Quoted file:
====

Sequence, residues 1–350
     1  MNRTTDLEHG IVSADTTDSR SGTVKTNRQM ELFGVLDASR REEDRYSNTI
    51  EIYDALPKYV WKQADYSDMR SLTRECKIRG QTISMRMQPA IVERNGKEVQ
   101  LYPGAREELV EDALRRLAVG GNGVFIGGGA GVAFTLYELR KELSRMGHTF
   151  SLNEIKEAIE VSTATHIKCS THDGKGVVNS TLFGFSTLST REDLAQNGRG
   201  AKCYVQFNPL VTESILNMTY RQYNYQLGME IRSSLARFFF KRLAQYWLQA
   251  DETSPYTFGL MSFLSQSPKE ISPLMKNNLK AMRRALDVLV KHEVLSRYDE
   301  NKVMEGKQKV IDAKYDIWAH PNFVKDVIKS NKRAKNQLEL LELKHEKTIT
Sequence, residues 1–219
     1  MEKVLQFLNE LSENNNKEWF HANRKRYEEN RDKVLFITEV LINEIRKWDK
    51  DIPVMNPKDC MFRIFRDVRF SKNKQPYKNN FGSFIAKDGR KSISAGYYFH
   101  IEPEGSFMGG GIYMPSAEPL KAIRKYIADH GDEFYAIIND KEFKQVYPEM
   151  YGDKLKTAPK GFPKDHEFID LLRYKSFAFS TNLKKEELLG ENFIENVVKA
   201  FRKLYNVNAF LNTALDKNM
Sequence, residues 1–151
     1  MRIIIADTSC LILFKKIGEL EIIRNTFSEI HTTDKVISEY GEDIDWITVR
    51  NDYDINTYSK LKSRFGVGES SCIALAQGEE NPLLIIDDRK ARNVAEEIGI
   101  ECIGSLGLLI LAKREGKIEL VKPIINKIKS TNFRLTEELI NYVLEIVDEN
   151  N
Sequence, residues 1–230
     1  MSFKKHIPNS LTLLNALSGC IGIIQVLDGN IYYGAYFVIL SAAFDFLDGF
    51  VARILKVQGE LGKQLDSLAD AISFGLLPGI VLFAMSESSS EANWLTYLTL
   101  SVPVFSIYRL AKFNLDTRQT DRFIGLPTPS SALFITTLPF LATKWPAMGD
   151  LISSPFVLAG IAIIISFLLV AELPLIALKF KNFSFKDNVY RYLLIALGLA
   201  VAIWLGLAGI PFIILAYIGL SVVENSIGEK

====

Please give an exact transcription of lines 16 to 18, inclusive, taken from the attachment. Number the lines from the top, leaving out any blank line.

     1  MRIIIADTSC LILFKKIGEL EIIRNTFSEI HTTDKVISEY GEDIDWITVR
    51  NDYDINTYSK LKSRFGVGES SCIALAQGEE NPLLIIDDRK ARNVAEEIGI
   101  ECIGSLGLLI LAKREGKIEL VKPIINKIKS TNFRLTEELI NYVLEIVDEN